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Top 40 law firm Trowers & Hamlins are part of a group of major city law firms funding the training of more than 20 aspiring solicitors this year through a landmark initiative to create the next generation of social welfare lawyers. Urged by government to step up, 18 have heeded the call so far, including four of the magic circle.

Some 18 leading law firms have now contributed towards the Social Welfare Solicitors Qualification Fund, which was established at the end of last year. The unique collaboration is led by the City of London Law Society in partnership with training provider BARBRI and Young Legal Aid Lawyers.

The firms so far committed to the scheme are Trowers & Hamlins, Allen & Overy, Ashurst, Addleshaw Goddard, Clifford Chance, Clyde & Co, Eversheds Sutherland, Freshfields, Latham & Watkins, Linklaters, Macfarlanes, Norton Rose Fulbright, Shoosmiths, Simmons & Simmons, Stephenson Harwood, Travers Smith, Weil Gotshal & Manges, and White & Case. Also on board is the City of London Solicitors’ Company Charitable Fund.

The BARBRI preparation course and assessment for the Solicitors Qualifying Exam (SQE) costs £8,800. Some £207,000 in training funds has been committed by the firms so far.

The fund will begin training 22 candidates in its first year, ‘providing better access to justice for users of social welfare services, as well as social mobility opportunities to enter the legal profession’.

Candidates in the first cohort are all social welfare legal workers and will continue to commit a significant part of their working lives to social welfare law, studying part-time for the SQE while continuing to work in their current roles.

The fund covers the full cost of the SQE prep course from BARBRI plus the subsequent assessment fees for each candidate. Solicitors who qualify with support from the SWSQF will each deliver over 1,200 social welfare law hours annually.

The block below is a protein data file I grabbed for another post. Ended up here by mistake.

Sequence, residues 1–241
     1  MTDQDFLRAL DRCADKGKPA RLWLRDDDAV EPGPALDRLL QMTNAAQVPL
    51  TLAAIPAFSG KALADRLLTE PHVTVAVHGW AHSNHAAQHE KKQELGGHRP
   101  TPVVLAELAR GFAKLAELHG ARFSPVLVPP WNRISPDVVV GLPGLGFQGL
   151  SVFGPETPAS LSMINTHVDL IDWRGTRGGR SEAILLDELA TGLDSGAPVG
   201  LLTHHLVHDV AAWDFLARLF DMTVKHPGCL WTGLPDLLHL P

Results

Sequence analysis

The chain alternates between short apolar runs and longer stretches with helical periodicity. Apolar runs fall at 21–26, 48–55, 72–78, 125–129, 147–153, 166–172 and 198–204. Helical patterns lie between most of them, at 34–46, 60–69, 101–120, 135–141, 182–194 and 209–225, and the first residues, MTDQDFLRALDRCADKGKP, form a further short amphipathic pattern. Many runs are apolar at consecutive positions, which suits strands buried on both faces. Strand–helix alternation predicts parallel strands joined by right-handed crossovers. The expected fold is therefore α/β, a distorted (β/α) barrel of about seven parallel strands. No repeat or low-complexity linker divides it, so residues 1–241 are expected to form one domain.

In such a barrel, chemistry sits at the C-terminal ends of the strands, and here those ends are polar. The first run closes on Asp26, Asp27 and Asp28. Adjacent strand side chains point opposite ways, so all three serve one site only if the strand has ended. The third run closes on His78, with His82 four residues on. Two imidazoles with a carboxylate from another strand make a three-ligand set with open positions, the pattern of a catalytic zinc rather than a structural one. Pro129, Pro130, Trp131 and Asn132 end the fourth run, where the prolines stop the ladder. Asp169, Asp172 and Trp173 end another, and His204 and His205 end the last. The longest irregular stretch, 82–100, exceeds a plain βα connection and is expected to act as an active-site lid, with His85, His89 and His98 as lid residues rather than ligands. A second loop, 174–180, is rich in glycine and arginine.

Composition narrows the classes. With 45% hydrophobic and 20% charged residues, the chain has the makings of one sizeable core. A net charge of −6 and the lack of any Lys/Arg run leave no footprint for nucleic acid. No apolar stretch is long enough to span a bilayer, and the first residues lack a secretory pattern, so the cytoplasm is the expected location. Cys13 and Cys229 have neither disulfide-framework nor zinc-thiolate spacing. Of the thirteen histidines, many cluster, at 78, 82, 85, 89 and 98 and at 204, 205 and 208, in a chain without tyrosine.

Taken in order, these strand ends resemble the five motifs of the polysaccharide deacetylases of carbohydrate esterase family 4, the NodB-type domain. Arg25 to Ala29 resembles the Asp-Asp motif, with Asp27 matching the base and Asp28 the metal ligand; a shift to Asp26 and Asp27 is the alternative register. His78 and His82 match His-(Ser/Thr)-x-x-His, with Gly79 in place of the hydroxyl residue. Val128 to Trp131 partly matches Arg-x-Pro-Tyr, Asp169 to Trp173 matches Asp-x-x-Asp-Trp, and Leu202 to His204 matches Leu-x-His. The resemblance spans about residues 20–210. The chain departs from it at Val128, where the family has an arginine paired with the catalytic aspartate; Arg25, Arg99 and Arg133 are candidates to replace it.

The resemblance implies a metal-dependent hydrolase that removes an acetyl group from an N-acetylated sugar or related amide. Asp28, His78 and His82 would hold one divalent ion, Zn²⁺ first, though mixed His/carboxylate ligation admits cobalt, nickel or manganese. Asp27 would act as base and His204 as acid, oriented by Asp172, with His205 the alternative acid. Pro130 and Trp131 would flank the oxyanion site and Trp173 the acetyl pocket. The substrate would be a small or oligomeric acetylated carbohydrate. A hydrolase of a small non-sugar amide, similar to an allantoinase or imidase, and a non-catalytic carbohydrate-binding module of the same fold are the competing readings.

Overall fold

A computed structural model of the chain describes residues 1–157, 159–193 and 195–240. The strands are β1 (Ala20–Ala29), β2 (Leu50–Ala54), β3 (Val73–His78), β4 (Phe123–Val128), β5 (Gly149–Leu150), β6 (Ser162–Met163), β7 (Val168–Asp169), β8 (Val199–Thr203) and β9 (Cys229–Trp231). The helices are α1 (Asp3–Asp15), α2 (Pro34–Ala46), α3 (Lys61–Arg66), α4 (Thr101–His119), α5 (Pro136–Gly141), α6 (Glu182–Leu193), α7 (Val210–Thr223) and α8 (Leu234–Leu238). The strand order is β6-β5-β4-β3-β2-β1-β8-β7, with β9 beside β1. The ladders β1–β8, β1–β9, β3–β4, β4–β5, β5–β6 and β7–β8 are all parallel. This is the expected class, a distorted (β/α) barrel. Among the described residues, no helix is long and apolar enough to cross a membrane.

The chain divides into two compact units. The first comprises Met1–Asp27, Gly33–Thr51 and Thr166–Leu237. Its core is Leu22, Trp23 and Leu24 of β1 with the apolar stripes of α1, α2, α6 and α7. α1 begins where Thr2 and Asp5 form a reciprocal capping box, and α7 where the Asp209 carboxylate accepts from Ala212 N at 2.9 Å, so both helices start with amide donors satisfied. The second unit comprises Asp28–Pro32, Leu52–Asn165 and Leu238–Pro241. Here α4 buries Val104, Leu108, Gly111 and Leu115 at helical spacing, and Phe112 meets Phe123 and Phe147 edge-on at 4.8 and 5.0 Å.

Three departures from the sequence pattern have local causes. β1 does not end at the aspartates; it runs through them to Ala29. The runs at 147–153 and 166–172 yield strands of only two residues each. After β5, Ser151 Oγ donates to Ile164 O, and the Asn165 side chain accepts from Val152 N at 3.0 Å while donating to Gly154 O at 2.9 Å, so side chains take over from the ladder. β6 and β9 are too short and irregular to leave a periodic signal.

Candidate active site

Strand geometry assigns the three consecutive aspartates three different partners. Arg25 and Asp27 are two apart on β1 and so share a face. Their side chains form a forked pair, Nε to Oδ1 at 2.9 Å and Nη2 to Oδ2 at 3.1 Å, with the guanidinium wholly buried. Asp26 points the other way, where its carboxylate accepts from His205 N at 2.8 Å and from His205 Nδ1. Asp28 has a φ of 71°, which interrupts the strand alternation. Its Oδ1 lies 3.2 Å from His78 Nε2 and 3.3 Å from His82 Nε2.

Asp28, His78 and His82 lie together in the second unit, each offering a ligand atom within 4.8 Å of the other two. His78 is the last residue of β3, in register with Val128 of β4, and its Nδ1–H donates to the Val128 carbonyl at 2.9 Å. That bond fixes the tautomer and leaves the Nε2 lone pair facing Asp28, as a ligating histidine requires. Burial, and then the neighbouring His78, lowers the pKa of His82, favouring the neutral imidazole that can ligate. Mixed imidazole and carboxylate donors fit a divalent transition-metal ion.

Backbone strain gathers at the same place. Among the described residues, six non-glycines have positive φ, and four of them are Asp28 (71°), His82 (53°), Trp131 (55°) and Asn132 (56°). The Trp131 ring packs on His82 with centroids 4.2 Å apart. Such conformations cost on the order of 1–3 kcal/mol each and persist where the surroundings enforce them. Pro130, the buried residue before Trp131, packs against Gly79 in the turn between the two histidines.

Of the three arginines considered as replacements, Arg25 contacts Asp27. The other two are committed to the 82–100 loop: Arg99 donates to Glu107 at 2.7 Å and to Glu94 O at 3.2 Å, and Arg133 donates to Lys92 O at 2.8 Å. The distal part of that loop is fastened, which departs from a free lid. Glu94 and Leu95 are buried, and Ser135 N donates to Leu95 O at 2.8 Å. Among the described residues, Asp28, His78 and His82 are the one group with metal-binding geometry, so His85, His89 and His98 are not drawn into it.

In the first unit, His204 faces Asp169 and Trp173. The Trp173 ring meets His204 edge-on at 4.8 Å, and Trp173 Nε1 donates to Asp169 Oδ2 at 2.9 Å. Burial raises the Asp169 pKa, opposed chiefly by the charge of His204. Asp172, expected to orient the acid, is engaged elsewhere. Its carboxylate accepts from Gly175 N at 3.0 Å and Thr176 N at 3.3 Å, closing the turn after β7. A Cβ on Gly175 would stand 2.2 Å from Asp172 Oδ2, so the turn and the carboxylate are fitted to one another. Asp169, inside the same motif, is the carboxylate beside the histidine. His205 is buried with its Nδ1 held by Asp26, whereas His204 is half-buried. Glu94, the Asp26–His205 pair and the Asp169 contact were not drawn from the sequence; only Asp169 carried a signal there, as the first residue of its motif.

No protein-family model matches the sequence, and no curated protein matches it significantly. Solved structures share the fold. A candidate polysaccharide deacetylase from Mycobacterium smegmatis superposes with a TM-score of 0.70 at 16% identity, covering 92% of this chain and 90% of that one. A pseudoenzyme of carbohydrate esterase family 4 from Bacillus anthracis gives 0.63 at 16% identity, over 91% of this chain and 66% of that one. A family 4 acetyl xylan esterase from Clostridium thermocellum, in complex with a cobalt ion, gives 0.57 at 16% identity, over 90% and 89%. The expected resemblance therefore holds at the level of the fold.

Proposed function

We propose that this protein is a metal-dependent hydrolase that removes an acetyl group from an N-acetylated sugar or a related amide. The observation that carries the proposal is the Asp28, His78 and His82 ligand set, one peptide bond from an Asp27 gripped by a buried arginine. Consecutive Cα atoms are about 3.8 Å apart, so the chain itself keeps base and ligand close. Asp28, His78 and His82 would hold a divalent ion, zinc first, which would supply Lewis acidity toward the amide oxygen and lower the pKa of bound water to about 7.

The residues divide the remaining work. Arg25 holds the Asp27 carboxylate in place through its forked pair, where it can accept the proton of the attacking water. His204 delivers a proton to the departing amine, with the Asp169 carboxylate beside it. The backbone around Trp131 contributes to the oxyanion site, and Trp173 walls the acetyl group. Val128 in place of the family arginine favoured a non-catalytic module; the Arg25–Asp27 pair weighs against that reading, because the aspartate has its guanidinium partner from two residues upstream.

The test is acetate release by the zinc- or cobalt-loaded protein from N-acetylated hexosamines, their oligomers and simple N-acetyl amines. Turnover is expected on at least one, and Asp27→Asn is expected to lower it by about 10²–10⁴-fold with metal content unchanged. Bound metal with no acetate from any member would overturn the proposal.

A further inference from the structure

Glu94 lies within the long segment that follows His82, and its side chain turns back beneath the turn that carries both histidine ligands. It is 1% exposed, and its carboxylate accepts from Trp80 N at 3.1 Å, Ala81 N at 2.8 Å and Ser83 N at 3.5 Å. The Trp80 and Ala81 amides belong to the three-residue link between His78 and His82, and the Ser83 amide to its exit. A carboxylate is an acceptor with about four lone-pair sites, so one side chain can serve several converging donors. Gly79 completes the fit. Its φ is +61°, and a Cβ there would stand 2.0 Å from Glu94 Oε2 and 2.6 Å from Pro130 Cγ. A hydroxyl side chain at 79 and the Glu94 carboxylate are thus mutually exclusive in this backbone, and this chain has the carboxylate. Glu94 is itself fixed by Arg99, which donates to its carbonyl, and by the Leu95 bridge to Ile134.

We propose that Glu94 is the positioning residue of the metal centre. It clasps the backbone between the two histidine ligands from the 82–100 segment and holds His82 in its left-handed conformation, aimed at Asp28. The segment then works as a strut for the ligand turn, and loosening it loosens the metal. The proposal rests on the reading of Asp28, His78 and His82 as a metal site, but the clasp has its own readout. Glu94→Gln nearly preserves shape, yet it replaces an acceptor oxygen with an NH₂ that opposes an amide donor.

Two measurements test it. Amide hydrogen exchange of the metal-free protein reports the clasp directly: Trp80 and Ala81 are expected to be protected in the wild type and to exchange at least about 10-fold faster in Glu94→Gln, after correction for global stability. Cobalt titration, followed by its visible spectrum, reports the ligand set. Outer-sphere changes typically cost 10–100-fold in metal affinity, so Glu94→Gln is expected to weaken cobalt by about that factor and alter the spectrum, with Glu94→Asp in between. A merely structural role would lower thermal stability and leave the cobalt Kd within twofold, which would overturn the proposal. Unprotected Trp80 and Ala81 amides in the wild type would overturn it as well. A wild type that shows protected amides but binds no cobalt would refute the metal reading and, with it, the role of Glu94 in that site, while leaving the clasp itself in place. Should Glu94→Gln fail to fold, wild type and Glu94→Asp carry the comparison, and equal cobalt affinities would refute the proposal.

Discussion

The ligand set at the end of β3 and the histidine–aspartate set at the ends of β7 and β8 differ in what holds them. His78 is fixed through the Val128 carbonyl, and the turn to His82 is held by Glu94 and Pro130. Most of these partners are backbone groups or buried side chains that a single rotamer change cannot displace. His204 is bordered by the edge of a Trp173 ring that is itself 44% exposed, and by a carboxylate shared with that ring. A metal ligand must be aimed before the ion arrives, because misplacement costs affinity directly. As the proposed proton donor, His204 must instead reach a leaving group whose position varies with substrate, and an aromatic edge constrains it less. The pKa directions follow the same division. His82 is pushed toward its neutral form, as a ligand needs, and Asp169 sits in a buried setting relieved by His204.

Senior Partner at Trowers & Hamlins, Sara Bailey, commented:

"We are proud to be a part of the Social Welfare Solicitors Qualification Fund initiative as it gives social welfare workers the opportunity to transition into highly effective solicitors who can continue to support and provide advice for those most in need of legal services."

Dame Alison Saunders, partner at Linklaters and former director of public prosecutions, said: 

‘The CLLS Social Welfare Solicitor Qualification Fund is a great initiative and really important. I have seen first-hand the impact of not having enough criminal legal aid lawyers who are vital to ensuring that all members of society have access to justice which is a fundamental part of the rule of law. I welcome City law firms financially supporting the initiative.’

Dan Carden, MP for Liverpool Wavertree, added: 

‘Effective and available advice is more crucial than ever following the introduction of LASPO 2012, and these scholarships will help to ensure that vulnerable clients can exercise their rights.

‘Removing barriers to entry to the profession will help to alleviate difficulties in accessing advice, particularly following the pressures of the Covid-19 pandemic.

‘I am proud to give my support to a scheme that will help qualifying solicitors provide constituents, like mine, with the advice they need so desperately.’